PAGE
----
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Every Friday, I post a small insight into running Curio City and/or Blue Hills Editorial Services. My most recent posts are directly below. You can also start with the first post, or use the subject labels to the right to home in on particular topics. Feel free to comment on anything that interests you.
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Friday, January 02, 2009

Further Christmas Screwups (or, Good Riddance to Bad Service)

The worst vendor screwup: Remember the company that double-shipped my initial order of 144 Recycled Motherboard Christmas Trees? Well, not only are those three monstrous cartons still sitting in my living room, freezing $700 of inventory dollars…last week the same company screwed up again and double-shipped another order of 72. Now I have got five enormous cartons of 212 unwanted Christmas trees tying up $1,200. This is heading into its third week without resolution. Naturally, anybody who can do anything about this was on vacation this week. Only we self-employed types work a normal week between xmas and New Years.

Since the vendor seems oblivious and the sales rep seems useless, I am sorely tempted to return the cartons freight-collect and dispute the credit card charges. That would get their attention. It would also poison my relationships with two companies with whom I hope to do considerable business in 2009. In fact, this ongoing screwup is the only thing preventing me from placing a sizable new-product order from D├ęcor Craft right now. I shall phone them and lay down the law on Monday.

The worst product screwup: I mentioned the quality shortcomings of the Amazing Coin Factory Bank in my first screwups post. It looks like five of the 35 that sold are coming back. On Monday I’ll find out if that company’s new sales rep can make good on the old sales rep’s exchange promise, or if I’m going to be stuck with these broken things after paying $10 apiece in return freight. Even if they do come through as promised, this will be the least profitable successful seller that I have ever carried. And if they leave me holding the bag, it will be my worst money-loser ever. Unlike the company that stuck me with 212 unordered Christmas trees, this vendor has always been marginal. I will drop them in a heartbeat. My tolerance for inferior products and service is very low right now.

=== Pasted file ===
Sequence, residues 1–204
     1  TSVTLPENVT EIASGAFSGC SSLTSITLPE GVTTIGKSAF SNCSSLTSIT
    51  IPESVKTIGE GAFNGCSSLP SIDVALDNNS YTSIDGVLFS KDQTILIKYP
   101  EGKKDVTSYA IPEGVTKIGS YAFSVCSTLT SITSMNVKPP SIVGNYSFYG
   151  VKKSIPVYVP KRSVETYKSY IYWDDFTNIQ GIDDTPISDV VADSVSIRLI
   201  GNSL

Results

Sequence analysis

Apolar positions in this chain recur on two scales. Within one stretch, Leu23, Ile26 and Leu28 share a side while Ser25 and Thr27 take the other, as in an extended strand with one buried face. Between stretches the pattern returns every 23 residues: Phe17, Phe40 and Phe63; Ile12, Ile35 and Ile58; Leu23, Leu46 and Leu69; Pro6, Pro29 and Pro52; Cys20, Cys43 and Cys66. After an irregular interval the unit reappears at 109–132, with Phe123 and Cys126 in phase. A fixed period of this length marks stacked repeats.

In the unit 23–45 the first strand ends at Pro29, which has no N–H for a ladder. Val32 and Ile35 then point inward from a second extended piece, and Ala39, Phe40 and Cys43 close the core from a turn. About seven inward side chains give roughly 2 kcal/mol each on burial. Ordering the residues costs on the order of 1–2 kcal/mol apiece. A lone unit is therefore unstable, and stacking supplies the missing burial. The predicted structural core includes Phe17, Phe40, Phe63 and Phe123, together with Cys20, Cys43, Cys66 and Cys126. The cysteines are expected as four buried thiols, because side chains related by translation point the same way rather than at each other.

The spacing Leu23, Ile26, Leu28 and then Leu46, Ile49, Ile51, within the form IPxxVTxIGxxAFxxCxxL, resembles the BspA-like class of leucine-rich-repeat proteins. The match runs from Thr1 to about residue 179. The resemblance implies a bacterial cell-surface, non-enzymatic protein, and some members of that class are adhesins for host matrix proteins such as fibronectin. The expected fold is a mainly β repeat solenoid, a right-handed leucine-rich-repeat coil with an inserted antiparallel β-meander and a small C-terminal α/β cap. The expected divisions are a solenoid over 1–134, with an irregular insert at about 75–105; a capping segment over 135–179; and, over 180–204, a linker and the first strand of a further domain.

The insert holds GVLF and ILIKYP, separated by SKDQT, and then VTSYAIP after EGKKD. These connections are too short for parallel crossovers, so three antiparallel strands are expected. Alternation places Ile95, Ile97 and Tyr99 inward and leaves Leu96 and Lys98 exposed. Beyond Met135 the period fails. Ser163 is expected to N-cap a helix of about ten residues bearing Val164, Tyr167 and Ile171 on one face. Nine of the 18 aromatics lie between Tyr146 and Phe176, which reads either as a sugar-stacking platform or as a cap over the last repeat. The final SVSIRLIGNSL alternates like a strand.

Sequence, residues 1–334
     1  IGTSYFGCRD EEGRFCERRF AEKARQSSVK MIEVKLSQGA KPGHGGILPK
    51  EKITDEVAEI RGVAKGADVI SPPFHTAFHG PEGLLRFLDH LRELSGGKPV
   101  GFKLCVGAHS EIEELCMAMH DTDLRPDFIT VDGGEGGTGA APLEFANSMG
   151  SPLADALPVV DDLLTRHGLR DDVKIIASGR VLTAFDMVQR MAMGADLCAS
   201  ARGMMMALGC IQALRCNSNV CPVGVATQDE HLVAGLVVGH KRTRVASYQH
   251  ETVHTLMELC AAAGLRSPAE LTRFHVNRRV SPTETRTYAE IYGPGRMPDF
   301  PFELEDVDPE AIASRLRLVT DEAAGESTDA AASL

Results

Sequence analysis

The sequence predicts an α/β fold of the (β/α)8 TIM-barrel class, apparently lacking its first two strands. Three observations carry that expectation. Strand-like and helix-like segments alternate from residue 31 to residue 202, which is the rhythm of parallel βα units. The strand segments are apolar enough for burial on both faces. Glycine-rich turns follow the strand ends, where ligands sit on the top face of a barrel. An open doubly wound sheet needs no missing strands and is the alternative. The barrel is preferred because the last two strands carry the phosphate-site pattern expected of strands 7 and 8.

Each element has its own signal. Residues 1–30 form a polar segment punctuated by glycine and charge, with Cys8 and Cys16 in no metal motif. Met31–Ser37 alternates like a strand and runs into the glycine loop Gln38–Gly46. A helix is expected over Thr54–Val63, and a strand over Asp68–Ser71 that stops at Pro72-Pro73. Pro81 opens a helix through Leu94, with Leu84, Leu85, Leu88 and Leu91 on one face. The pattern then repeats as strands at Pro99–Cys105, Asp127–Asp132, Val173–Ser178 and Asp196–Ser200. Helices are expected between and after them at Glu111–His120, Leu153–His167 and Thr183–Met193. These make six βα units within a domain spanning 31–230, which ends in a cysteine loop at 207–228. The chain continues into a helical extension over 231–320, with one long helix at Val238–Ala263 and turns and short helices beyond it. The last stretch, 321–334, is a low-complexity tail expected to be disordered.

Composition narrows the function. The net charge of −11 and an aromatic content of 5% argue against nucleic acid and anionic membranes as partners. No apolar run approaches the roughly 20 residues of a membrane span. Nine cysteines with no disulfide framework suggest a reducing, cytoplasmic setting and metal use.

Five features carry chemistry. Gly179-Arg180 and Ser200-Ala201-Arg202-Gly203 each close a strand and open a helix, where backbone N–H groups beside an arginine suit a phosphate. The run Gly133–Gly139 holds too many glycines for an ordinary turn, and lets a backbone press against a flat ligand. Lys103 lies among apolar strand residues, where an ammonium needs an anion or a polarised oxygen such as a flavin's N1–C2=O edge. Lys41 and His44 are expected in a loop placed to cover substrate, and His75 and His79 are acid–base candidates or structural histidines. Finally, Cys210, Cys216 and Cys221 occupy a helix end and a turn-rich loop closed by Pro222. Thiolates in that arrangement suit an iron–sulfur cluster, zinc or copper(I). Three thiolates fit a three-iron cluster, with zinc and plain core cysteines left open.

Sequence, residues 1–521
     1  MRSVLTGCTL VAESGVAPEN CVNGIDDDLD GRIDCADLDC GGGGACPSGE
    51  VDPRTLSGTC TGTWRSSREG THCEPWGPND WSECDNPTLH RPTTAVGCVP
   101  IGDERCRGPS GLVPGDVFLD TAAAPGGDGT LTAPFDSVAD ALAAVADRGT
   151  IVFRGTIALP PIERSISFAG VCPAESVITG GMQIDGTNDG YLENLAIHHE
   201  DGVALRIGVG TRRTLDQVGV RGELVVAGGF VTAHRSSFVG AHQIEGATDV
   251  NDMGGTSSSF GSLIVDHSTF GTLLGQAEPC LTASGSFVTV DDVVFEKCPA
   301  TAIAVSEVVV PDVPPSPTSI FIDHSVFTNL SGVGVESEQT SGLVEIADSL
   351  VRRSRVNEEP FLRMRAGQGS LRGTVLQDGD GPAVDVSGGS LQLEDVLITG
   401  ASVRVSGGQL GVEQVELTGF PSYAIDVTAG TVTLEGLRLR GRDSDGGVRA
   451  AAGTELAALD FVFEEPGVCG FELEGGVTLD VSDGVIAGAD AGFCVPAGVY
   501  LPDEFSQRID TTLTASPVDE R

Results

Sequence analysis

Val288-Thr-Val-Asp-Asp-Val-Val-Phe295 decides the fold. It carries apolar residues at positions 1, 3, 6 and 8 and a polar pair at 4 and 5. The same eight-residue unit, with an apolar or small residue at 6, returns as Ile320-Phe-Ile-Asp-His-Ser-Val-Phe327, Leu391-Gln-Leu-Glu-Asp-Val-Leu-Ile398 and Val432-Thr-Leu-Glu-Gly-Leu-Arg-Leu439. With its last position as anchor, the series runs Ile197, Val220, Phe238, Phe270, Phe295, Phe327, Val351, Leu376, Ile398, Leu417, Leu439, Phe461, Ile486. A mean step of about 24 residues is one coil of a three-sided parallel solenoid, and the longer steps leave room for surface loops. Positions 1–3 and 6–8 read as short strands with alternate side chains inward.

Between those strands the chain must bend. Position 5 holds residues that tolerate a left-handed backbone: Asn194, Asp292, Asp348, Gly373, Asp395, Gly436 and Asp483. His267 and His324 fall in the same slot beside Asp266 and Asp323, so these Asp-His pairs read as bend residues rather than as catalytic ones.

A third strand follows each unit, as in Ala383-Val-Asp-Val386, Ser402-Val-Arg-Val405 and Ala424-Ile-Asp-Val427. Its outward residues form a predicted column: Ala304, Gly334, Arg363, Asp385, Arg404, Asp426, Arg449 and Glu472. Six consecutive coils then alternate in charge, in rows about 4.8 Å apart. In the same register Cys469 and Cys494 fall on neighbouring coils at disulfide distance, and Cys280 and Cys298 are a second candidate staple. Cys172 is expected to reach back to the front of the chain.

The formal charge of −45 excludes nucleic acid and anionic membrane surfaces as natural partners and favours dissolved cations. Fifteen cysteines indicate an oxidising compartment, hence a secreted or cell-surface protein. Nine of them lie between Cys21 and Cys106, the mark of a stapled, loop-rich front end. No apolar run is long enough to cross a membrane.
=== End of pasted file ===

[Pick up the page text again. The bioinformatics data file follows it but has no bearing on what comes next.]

The most irritating service screwup (or, another reason to hate UPS): Late on the afternoon of 12/22, a customer paid $20+ for UPS 2nd Day Air. She mistakenly thought that she would get her order on the 24th, because she didn’t take into account the time that I need to pack the order. I diligently shipped it early the next afternoon (the 23rd). When she complained on the 24th that her order had not arrived, I explained the logistics and timing and assured her that her package would arrive on the 26th.

It showed up on the 29th. That’s right: 2nd Day Air took six days from door to door. Obviously, I had to refund her shipping charge. Just as obviously, I would recover the cost from UPS. Not at all obviously buried in the fine print of their Terms of Use page is the tidbit that UPS’s service guarantee doesn’t apply to packages picked up from Dec. 12-24. When I explained that my business had to pay the price of their failure, they sent a polite apology with an excuse – but still no refund.

Lesson learned: Never again will I offer expedited UPS services during the holiday week. They are too unreliable.

My own worst judgment screwup: Remember my huge surge in business from that New York Times gift guide? Well, I lacked appropriate boxes to ship all of those orders and delayed ordering them for one crucial day, so I sent out 100+ single-piece orders in padded mailing envelopes. Three of them arrived damaged – two to the same customer…the first via UPS, and its replacement via First Class mail! I did recover the cost for two of those shipments from UPS, but it still inconvenienced my customers and made Curio City look amateurish. I should have waited two days for proper boxes to arrive.